While President Trump cavorts in Asia, his legal problems at home continue to mount. The indictment of three aides, his record-low poll numbers and a wave of Republican defeats in state and local elections compound the threat to his aides, his family and himself by limiting his options. When he returns November 18, he will find himself more vulnerable than ever.
Is Trump trapped? Let’s just say the president’s defenses have a way of backfiring.
Last May, Trump fired FBI director James Comey in an effort to get rid of “this Russia thing." The result was the appointment of special prosecutor Robert Mueller who indicted former campaign manager Paul Manafort and his aide Rick Gates. According to NBC News, Mueller has also amassed enough evidence to charge Michael Flynn, Trump’s short-lived national security adviser.
Trump claimed allegations of collusion between the Trump campaign and Russia were “fake news.” Then came the indictment of George Papadopoulos, a former foreign policy aide who says he spoke to a Russian about getting "dirt" on Hillary Clinton.
'Risk of a Coup'
“We are at risk of a coup d’état in this country if we allow an unaccountable person with no oversight to undermine the duly elected president of the United States,” Rep. Matt Gaetz (R-Fla.) said in a Capitol Hill speech Wednesday, according to The Hill. “That is precisely what is happening right now with the indisputable conflicts of interest that are present with Mr. Mueller and others at the Department of Justice.”
Along with Congressmen Louie Gohmert (R-Texas) and Andy Biggs (R-Arizona), Gaetz co-sponsored a resolution last week that questions Mueller’s neutrality. Capitol Hill Republicans claim the ongoing Trump-Russia investigation is compromised because Mueller was the head of the FBI when the Obama administration approved the sale of the Uranium One mining firm to the Russian atomic energy agency.
The Uranium One story, it must be said, has replaced “Benghazi" as the conservative conspiracy theory du jour for a good reason: The Uranium One story does have the whiff of Clintonian corruption.
People associated with Uranium One donated an astonishing $145 million to the Clinton Foundation, mostly before and during Hillary Clinton’s 2008 presidential run, according to the Washington Post. In addition, Bill Clinton received $500,000 from a Russian bank to give a speech at a conference in Moscow in 2011.
What the Uranium One story doesn’t have is any evidence of wrongdoing or bias or conflict of interest by Robert Mueller. The Treasury Department was the lead agency that headed the Committee on Foreign Investment in the United States, which approved the investment, according to CNN.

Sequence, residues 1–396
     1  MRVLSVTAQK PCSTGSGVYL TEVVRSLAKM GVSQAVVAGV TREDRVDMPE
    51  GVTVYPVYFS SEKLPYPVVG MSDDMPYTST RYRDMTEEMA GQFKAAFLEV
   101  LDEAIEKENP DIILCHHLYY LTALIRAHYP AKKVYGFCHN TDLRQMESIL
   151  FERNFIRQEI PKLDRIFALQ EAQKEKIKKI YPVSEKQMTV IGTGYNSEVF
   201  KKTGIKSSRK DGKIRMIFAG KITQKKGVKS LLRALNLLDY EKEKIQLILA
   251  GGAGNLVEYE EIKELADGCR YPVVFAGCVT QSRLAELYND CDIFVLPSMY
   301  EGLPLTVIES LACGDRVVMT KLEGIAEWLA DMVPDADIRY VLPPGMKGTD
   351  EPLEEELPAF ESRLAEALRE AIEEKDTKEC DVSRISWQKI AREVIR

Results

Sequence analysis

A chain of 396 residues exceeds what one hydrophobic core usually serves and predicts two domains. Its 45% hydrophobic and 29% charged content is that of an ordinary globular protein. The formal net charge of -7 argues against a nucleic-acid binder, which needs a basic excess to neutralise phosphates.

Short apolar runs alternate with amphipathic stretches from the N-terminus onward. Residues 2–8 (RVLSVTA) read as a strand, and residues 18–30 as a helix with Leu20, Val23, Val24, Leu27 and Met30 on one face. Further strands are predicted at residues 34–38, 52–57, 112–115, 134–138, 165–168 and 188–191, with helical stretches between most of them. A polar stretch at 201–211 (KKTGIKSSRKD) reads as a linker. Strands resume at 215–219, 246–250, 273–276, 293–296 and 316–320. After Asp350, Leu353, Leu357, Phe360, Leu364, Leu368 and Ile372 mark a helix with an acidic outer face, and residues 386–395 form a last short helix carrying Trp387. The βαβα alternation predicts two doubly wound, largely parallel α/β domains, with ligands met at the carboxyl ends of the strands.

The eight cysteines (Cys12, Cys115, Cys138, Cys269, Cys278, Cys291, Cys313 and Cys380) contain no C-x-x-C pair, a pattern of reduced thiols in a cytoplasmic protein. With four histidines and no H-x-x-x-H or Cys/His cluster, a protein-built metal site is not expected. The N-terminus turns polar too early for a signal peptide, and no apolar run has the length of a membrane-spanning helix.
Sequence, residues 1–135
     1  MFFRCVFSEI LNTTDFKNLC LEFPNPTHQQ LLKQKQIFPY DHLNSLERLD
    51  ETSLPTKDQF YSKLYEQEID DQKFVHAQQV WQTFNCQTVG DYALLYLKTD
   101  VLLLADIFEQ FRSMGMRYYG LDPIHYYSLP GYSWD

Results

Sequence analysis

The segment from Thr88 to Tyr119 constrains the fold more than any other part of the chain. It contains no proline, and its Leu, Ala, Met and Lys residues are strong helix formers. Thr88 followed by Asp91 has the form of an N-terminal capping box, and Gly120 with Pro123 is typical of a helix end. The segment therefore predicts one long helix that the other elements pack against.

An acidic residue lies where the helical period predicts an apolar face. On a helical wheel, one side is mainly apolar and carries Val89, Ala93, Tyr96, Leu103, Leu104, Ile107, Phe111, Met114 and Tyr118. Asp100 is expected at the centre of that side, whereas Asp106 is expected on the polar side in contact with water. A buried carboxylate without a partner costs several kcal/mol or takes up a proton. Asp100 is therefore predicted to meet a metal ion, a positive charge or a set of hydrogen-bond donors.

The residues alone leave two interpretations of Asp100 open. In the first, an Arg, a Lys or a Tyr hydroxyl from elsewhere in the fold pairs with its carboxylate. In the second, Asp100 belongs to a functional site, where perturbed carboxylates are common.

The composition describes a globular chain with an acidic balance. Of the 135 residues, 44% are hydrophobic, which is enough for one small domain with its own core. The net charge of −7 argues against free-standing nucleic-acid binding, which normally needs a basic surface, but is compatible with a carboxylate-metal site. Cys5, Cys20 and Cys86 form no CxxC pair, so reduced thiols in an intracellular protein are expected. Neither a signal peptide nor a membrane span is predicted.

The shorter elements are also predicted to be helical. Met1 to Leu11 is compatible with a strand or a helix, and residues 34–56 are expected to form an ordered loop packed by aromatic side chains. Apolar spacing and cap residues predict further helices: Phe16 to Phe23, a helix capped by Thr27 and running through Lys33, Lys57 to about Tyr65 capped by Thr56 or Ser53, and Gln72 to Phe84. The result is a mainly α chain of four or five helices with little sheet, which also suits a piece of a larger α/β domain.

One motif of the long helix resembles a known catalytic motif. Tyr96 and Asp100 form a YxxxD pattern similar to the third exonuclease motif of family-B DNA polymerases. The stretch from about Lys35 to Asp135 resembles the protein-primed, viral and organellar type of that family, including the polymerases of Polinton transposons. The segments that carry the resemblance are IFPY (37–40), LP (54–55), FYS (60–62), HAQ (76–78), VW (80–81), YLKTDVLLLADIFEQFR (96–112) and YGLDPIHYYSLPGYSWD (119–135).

There is no evidence that the Uranium One sale violated any laws or harmed the United States.
Former White House adviser Steve Bannon has been urging Trump to take the fight to Mueller, and the Uranium One story appears to be the chosen presidential cudgel.
Over the summer, Trump talked about firing Mueller and was talking out of it by aides who feared a political firestorm. The Uranium One story, suddenly revived by Sean Hannity and other right-wing talking heads in the days before Manafort's indictment, creates a pretext that was lacking before.
Firing Mueller, however, is unlikely to solve Trump’s problem any more than “fake news” allegations or Comey's dismissal did.
The prosecution of Manafort and Gates (and possibly Flynn) will proceed, unless Trump pardons them, which he has talked about doing. A combination of firing Mueller and pardoning the defendants will invite Senate legislation, already introduced, to reinstate Mueller. It would also likely provoke a legal challenge from constitutional lawyers arguing that the president cannot use his pardoning power to obstruct justice.
And even the dismissal of Mueller with pardons would not solve Trump’s problem. The special prosecutor is already coordinating his investigation of Manafort with New York Attorney General Eric Schneiderman. The Trump entourage may also face charges in New York state court. The president cannot fire a state official or issue pardons to people accused or convicted of state crimes.
Accusing Mueller of a "coup” and firing him might rally Trump’s loyal though shrinking base, but it would alienate and demoralize congressional Republicans he needs to pass a tax cut. Those Republicans are already worried about Tuesday’s election results and fear a "blue wave" is coming in the 2018 midterm elections.
Firing Mueller would encourage and energize Democrats, such as Rep. Al Green (D-Texas), to pursue a bill of impeachment against Trump. "He would be impeached the next day," said one former federal prosecutor.
Green wants to force a vote by Christmas, and Trump just might give him his Christmas wish. With jail time looming for his family and friends, Trump may prefer to invite impeachment proceedings rather than let the law take its course.